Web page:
Open study

is now brainly

With Brainly you can:

  • Get homework help from millions of students and moderators
  • Learn how to solve problems with step-by-step explanations
  • Share your knowledge and earn points by helping other students
  • Learn anywhere, anytime with the Brainly app!

A community for students.

In which region of the periodic table would an element with the electron configuration below be located? 1s2,2s2,2p6,3s2,3p5

Chemistry
I got my questions answered at brainly.com in under 10 minutes. Go to brainly.com now for free help!
At vero eos et accusamus et iusto odio dignissimos ducimus qui blanditiis praesentium voluptatum deleniti atque corrupti quos dolores et quas molestias excepturi sint occaecati cupiditate non provident, similique sunt in culpa qui officia deserunt mollitia animi, id est laborum et dolorum fuga. Et harum quidem rerum facilis est et expedita distinctio. Nam libero tempore, cum soluta nobis est eligendi optio cumque nihil impedit quo minus id quod maxime placeat facere possimus, omnis voluptas assumenda est, omnis dolor repellendus. Itaque earum rerum hic tenetur a sapiente delectus, ut aut reiciendis voluptatibus maiores alias consequatur aut perferendis doloribus asperiores repellat.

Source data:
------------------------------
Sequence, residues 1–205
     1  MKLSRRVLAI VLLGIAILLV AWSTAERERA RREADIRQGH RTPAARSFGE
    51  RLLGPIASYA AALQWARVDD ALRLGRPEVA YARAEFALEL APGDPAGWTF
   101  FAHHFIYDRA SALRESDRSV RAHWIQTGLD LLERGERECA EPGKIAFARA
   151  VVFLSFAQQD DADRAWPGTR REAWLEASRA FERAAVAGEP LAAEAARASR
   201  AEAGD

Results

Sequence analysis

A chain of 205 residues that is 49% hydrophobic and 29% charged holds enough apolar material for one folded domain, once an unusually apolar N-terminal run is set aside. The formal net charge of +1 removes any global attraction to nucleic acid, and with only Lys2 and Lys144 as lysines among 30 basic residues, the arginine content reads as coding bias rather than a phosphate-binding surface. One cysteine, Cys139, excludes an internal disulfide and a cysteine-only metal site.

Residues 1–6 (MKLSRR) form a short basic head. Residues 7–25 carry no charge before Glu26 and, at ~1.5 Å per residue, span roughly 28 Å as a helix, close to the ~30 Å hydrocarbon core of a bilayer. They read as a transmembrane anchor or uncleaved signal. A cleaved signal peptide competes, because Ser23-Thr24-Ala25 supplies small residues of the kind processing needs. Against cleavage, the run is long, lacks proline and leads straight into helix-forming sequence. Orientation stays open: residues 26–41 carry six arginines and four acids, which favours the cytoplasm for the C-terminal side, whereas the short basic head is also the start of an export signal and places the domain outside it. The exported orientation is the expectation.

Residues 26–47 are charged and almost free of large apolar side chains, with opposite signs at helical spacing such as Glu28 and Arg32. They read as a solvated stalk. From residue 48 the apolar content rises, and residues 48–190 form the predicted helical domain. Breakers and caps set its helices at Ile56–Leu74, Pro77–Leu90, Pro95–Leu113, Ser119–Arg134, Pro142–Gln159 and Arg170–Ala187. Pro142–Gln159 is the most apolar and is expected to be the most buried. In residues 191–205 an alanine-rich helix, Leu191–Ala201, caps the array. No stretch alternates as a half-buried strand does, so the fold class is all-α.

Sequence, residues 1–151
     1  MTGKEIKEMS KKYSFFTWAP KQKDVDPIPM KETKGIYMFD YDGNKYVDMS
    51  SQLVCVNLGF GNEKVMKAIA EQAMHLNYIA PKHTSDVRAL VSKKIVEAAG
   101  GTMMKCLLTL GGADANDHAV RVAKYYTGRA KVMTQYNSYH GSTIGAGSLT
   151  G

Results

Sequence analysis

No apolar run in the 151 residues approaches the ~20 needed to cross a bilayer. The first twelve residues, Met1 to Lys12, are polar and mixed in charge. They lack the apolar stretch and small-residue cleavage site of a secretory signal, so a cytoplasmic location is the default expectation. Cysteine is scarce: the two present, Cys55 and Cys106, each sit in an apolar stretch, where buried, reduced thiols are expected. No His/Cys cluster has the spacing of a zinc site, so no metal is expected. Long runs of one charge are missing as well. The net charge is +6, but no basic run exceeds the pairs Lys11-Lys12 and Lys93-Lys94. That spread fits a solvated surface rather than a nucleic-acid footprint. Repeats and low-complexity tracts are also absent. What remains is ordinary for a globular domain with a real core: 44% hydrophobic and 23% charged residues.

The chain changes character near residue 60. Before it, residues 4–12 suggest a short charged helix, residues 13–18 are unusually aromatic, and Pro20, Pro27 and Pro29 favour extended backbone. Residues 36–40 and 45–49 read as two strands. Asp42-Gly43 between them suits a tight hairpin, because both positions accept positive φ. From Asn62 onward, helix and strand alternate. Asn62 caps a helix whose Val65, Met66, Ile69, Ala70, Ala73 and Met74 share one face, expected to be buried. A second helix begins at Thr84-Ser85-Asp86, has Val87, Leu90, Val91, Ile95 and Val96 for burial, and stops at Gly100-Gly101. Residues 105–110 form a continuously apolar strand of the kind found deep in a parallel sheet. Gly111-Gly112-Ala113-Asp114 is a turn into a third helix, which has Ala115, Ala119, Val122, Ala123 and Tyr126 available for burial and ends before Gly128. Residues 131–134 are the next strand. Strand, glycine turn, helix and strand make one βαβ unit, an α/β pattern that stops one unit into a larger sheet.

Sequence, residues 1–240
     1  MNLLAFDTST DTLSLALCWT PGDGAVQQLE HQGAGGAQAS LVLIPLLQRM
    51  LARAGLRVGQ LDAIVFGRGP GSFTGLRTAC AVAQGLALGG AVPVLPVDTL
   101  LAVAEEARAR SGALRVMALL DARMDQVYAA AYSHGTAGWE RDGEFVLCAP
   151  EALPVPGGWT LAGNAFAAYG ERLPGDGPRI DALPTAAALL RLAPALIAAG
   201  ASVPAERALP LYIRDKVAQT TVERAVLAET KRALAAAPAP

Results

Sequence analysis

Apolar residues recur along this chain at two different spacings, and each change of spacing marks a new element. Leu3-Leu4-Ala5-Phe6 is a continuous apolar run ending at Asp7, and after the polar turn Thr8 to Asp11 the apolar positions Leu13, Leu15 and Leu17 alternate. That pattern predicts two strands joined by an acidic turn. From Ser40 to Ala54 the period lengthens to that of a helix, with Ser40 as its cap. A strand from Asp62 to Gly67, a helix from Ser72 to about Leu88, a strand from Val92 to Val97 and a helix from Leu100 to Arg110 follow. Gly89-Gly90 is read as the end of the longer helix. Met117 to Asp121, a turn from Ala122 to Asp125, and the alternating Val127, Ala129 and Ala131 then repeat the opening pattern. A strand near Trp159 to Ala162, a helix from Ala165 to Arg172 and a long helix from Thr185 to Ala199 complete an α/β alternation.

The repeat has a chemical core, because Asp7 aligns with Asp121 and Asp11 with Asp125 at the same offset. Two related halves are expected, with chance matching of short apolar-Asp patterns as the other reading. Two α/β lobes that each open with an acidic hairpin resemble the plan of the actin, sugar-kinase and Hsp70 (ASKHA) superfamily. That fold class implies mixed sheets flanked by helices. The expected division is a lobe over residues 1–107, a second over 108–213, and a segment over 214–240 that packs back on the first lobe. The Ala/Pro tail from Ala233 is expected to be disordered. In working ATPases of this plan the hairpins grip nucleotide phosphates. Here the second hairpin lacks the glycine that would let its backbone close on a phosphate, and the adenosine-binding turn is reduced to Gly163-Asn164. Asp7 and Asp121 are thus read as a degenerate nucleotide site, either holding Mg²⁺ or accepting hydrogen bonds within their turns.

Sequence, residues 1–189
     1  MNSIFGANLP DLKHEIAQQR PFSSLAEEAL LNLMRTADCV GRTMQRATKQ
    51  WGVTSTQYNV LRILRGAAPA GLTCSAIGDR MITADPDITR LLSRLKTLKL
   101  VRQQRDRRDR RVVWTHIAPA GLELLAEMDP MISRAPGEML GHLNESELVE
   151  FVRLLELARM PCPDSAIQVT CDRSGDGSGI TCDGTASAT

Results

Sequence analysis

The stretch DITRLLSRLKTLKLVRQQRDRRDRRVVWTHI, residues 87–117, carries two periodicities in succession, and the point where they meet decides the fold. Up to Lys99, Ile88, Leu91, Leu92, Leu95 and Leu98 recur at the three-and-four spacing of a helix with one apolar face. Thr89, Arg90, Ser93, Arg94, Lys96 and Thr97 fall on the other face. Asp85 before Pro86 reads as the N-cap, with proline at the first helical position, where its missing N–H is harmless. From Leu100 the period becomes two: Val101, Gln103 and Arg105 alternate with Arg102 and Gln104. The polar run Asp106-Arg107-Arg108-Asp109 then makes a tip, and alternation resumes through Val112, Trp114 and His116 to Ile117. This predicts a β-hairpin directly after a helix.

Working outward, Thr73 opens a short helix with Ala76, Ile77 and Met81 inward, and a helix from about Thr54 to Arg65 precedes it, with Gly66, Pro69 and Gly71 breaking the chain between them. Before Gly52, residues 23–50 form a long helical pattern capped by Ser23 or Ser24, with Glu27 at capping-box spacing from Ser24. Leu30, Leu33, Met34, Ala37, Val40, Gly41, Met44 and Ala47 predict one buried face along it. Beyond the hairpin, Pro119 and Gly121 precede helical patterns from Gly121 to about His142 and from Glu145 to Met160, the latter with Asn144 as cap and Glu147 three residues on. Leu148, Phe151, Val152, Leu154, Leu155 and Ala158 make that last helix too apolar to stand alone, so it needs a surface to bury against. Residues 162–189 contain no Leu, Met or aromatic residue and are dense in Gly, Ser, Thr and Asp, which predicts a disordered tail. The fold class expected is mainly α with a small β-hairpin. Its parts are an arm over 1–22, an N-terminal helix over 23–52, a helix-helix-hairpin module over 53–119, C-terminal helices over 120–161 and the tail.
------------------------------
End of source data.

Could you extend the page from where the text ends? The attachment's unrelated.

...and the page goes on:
Join Brainly to access

this expert answer

SIGN UP FOR FREE
That is the electron configuration for Chlorine (Cl). Remember that the p-orbital can only hold a maximum of 6 electrons. And six electrons means that it's a noble gas. Since it doesn't have 6 electrons, but instead, 5, that means that it must be the electron before noble gas in row 3.
abb0t gives a good answer, although I think he might mean "element" rather than electron in his last sentence. Pedantic - probably?
Totally missed that. Thanks for catching that @ebaxter01

Not the answer you are looking for?

Search for more explanations.

Ask your own question

Other answers:

@abb0t hey wingspan head just give the answer...
Excuse me? Do yo know who you're talking to like that?u
lol

Not the answer you are looking for?

Search for more explanations.

Ask your own question